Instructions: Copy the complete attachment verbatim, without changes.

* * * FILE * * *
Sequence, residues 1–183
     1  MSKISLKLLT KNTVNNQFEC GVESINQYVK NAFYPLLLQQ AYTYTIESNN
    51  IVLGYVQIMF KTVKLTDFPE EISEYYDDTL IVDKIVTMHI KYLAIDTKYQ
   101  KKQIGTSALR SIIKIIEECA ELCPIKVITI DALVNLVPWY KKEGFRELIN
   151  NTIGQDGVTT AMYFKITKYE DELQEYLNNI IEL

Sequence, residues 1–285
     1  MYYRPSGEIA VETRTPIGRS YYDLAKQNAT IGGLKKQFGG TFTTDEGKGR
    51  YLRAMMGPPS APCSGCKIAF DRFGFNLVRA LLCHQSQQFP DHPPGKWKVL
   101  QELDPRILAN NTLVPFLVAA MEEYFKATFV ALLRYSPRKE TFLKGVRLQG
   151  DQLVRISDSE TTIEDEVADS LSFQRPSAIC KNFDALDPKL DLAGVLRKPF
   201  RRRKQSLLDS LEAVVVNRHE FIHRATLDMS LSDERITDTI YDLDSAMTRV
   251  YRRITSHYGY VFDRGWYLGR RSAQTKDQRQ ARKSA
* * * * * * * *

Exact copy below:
Sequence, residues 1–183
     1  MSKISLKLLT KNTVNNQFEC GVESINQYVK NAFYPLLLQQ AYTYTIESNN
    51  IVLGYVQIMF KTVKLTDFPE EISEYYDDTL IVDKIVTMHI KYLAIDTKYQ
   101  KKQIGTSALR SIIKIIEECA ELCPIKVITI DALVNLVPWY KKEGFRELIN
   151  NTIGQDGVTT AMYFKITKYE DELQEYLNNI IEL

Sequence, residues 1–285
     1  MYYRPSGEIA VETRTPIGRS YYDLAKQNAT IGGLKKQFGG TFTTDEGKGR
    51  YLRAMMGPPS APCSGCKIAF DRFGFNLVRA LLCHQSQQFP DHPPGKWKVL
   101  QELDPRILAN NTLVPFLVAA MEEYFKATFV ALLRYSPRKE TFLKGVRLQG
   151  DQLVRISDSE TTIEDEVADS LSFQRPSAIC KNFDALDPKL DLAGVLRKPF
   201  RRRKQSLLDS LEAVVVNRHE FIHRATLDMS LSDERITDTI YDLDSAMTRV
   251  YRRITSHYGY VFDRGWYLGR RSAQTKDQRQ ARKSA